I Don't Want to Date a Man Who's Politically Correct. I Want to Date a Man Who's EMPIRICALLY Correct.
The Happy Talent has gotten a lot of heat, lately, from Social Justice Warriors who are pissed about my post, Advice for Asian Men, Black Women, and Other People "No One" Wants to Date.
Dozens of people from the "tolerant" left have made it their mission to refute my points... by calling me ugly.
It should go without saying that these are not the kinds of people I would ever date. Because I don't want to date a man who's politically correct. I want to date a man who is empirically correct.
As feminists, we have to be able to speak honestly about patriarchal systems, and religion is no exception.
I wrote in a recent post that one of the best things in life is basketball. But another one of my favorite things... is critical thought. Debate. Confronting ideas that may be uncomfortable.
Wherever you fall on the political spectrum, I hope we can all agree that no idea, ideology, or religion should be exempt from skepticism.
Which is why I'm so stoked to share this amazing guest post by Shruthi Sailesh, who studies biotechnology and economics at the University of Waterloo. She enjoys debating and writing about politics, feminism, and literature. For more of her writing, follow her on Quora.
Want me to lose your audience's attention immediately? Then drop the u-bomb.
"Let's unpack this."
"Required, ongoing, cultural competency training for all Academy employees" is dangerous and unethical.
I am a proud member of the Exeter alumni community -- see also: What it's Like to Go to Phillips Exeter Academy, the "Best High School in the Country". Exeter made me a thinker. It made me a listener. It made me unafraid to share my opinions. The Harkness Method of teaching, in which every class is a debate, a dialectic, or a discussion, was a foundational part of who I am now.
And now, due to an ill-informed Change.org petition, the future of that is at risk.
Some of the Most Interesting, Thought-Provoking (Though Slightly Controversial) Topics for a Speech or Assembly in 2017.
So you've been asked to give a speech, talk, or assembly. And you want it to be memorable. You want your audience to think -- to feel something. To question their entire worldview, perhaps.
Now you just need a topic.
Skip the boring cliches. No one wants to hear you talk about abortion, the death penalty, gun rights, or minimum wage. These are huge and broad topics, and you're not an expert. You'll put your audience straight to sleep.
1 Reason Why the Graphic Rape Scene in 13 Reasons Why Was Important, And Teen and Preteen Girls Should See It.
I had no interest in watching a show about teen suicide. But after seeing so many articles praising the Netflix original, 13 Reasons Why, I decided to check it out. I mean, supposedly it was one of the best teen dramas of all time.
The show was kind of boring and not that good. But it had its moments, and I was able to find some value in it. Including the controversial rape scene, which critics say was too graphic and emotional and explicit.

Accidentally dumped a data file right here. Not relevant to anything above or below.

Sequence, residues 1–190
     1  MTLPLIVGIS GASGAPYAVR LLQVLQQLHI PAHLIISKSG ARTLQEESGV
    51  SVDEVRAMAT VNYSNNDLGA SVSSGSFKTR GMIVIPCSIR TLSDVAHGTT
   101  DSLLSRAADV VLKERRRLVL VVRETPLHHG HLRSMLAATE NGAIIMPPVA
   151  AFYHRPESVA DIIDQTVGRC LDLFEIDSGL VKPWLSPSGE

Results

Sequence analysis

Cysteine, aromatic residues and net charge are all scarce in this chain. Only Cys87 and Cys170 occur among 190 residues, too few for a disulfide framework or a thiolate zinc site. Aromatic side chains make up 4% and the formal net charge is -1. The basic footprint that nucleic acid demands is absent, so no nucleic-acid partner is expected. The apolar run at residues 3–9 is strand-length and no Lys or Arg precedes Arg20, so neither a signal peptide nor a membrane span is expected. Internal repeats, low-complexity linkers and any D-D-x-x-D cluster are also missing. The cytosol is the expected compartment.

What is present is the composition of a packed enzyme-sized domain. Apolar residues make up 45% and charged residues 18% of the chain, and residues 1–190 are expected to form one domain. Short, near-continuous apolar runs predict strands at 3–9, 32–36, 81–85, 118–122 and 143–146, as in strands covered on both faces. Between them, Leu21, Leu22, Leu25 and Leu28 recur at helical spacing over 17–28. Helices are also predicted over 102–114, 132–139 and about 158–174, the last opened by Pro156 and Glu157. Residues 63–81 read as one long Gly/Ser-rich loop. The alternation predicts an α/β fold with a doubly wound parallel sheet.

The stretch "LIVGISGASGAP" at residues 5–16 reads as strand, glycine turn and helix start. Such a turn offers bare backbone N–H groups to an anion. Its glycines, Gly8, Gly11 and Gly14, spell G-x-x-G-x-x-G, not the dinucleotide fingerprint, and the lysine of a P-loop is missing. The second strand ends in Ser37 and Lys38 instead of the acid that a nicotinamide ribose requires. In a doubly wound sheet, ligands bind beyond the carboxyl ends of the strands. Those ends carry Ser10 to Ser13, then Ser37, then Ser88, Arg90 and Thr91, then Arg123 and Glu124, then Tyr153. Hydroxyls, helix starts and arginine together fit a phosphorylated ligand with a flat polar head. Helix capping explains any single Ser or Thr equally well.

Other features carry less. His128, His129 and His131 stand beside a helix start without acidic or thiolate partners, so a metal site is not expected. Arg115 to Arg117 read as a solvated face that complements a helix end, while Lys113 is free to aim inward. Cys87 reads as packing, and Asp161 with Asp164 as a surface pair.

I had the opposite reaction. This was exactly the rape scene that teen and preteen girls need to see.
I’ve said it before, and I’ll say it again: ambivalence is a beautiful thing. I think smart people are actually more likely to be ambivalent about a given topic, because they are rational enough to have examined both sides before leaping to an emotional conclusion.
Vox is one publisher I’m ambivalent about. On the one hand, they write great articles about political issues that touch on key points and provide background information for readers who aren’t already knowledgeable about this topic.
On the other hand, they also write biased, bizarre social justice crap that undermines their legitimate articles.
Take their recent masterpiece, ’Ugly sweater parties’ are a form of cultural elitism.
Don’t you hate it when you ask someone how old they are, and they think it’s coy or cute or something to give you a non-answer? Or when you ask, “Where did you go to college?” and they say something weird and indirect that doesn't answer the question, like, “Northern California” or “in Boston." You know. Instead of the truth: “Stanford,” or “Harvard?”
People do this because they think they’re being “modest.” But actually, they’re being condescending little pricks.
Harvard Women's Soccer: These 5 Solutions To The "Scouting Report" Are WAY More Empowering Than Letting the Administration Take Care of It
Let me start by saying: what the men's team did was disgusting, and if any of those dudes were my friend, I would be furious at them. I mean, it's one thing when someone you don't know objectifies you. It's quite another when someone who's supposed to care about and respect you makes public, gross, sexual comments about you.
That said, I'm less than thrilled that the administration is stepping in and "handling" this for you.
Tim Gunn is trending on Facebook again. This time, it's for a video that reiterates some of the points he made in his recent op-ed: inclusivity is good, more women are plus size than ever, there's money to be made, designers "should" start designing more and better plus sized clothing, and retailers "should" call up Marc Jacobs and demand that he either design for plus size women, or they'll boycott his clothes.
About the Author
Eva is a content specialist with a passion for play, travel... and a little bit of girl power. Read more >
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